The EmailAddress Gem to work with and validate email addresses.
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README.md

Email Address

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The email_address gem provides a ruby language library for working with email addresses.

By default, it validates against conventional usage, the format preferred for user email addresses. It can be configured to validate against RFC "Standard" formats, common email service provider formats, and perform DNS validation.

Using email_address to validate user email addresses results in fewer "false positives" due to typing errors and gibberish data. It validates syntax more strictly for popular email providers, and can deal with gmail's "optional dots" in addresses.

It provides Active Record (Rails) extensions, including an address validator and attributes API custom datatypes.

Requires Ruby 2.0 or later.

Looking for a Javascript version of this library? Check out the email_address npm module.

Quick Start

To quickly validate email addresses, use the valid? and error helpers. valid? returns a boolean, and error returns nil if valid, otherwise a basic error message.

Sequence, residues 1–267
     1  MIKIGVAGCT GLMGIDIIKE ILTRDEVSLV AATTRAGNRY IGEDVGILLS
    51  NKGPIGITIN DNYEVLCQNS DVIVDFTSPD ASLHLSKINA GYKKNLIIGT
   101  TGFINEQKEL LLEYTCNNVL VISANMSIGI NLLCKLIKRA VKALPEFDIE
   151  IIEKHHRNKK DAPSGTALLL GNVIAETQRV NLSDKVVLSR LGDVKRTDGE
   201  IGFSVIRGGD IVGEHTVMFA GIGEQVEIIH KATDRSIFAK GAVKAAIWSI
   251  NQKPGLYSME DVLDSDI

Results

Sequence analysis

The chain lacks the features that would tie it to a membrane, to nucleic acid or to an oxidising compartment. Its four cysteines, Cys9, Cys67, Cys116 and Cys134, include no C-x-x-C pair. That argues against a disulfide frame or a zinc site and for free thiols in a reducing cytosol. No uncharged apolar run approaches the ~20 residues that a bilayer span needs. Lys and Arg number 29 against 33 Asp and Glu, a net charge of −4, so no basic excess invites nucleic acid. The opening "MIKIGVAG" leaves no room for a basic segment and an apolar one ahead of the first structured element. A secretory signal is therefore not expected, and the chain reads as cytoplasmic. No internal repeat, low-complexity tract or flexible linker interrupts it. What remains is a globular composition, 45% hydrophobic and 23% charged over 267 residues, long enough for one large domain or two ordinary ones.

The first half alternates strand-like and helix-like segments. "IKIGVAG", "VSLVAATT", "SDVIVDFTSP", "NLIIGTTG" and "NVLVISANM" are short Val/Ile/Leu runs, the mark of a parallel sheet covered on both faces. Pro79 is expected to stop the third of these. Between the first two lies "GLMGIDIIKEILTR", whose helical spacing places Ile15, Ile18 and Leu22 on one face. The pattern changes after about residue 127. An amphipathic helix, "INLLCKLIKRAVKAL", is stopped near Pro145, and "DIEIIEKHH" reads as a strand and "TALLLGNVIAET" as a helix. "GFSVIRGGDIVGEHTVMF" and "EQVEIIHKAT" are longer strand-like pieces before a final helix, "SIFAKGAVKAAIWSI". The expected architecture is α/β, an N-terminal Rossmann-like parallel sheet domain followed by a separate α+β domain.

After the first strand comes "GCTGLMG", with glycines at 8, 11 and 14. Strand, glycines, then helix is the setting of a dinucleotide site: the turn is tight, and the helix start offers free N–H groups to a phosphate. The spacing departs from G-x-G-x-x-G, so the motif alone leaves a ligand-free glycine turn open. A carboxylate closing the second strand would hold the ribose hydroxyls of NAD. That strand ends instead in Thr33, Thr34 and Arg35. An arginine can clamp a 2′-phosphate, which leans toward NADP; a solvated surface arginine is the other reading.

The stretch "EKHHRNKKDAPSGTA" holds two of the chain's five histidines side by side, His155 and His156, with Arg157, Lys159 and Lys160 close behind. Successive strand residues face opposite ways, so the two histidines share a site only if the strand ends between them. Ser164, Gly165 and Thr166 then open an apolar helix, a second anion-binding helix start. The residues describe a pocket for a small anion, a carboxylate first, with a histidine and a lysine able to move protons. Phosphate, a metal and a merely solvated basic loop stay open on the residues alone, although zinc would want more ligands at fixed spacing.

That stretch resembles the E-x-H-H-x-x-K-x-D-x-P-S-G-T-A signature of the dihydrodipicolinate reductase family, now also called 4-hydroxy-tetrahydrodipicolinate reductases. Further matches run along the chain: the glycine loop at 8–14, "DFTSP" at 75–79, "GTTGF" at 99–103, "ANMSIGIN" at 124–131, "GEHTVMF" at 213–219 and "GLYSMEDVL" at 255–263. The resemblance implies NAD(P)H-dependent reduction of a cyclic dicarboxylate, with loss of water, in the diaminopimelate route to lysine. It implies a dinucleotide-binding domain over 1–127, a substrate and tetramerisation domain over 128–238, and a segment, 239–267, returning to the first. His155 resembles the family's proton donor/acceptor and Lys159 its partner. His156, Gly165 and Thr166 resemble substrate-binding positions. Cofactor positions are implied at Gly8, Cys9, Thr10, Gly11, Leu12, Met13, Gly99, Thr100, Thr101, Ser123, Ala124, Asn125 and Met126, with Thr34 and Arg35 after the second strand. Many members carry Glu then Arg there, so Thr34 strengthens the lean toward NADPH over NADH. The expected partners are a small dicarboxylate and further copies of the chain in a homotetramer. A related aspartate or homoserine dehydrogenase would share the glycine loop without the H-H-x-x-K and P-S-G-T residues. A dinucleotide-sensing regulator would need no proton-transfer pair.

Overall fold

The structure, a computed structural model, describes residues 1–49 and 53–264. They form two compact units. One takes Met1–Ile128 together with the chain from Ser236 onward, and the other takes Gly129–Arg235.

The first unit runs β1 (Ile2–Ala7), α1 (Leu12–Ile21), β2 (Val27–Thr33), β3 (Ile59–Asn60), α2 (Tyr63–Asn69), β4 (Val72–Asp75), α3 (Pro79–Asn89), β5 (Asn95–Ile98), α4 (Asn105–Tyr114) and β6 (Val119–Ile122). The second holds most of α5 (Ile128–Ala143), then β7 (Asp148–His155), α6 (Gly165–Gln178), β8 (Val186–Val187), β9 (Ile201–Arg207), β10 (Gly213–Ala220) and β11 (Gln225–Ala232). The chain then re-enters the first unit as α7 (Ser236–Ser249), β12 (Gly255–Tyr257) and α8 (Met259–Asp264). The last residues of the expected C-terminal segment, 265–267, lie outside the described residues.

EmailAddress.valid? "allen@google.com" #=> true
EmailAddress.error "allen@bad-d0main.com" #=> "Invalid Host/Domain Name"

EmailAddress deeply validates your email addresses. It checks:

  • Host name format and DNS setup
  • Mailbox format according to "conventional" form. This matches most used user email accounts, but is a subset of the RFC specification.

It does not check:

  • The mail server is configured to accept connections
  • The mailbox is valid and accepts email.

By default, MX records are required in DNS. MX or "mail exchanger" records tell where to deliver email for the domain. Many domains run their website on one provider (ISP, Heroku, etc.), and email on a different provider (such as Google Apps). Note that example.com, while a valid domain name, does not have MX records.

EmailAddress.valid? "allen@example.com" #=> false
EmailAddress.valid? "allen@example.com", host_validation: :syntax #=> true

Most mail servers do not yet support Unicode mailboxes, so the default here is ASCII.

EmailAddress.error "Pelé@google.com" #=> "Invalid Recipient/Mailbox"
EmailAddress.valid? "Pelé@google.com", local_encoding: :unicode #=> true

Background

The email address specification is complex and often not what you want when working with personal email addresses in applications. This library introduces terms to distinguish types of email addresses.

  • Normal - The edited form of any input email address. Typically, it is lower-cased and minor "fixes" can be performed, depending on the configurations and email address provider.